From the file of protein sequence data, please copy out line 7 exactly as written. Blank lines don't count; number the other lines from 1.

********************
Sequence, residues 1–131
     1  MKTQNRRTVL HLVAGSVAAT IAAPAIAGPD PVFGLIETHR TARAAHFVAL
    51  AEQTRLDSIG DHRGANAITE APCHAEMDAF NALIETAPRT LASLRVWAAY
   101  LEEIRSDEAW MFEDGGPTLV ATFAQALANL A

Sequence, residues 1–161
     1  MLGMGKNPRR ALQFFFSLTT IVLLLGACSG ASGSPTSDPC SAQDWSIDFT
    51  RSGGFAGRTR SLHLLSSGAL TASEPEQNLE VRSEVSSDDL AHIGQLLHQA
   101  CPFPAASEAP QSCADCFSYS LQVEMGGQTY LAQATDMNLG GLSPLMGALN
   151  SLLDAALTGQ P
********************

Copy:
    51  RSGGFAGRTR SLHLLSSGAL TASEPEQNLE VRSEVSSDDL AHIGQLLHQA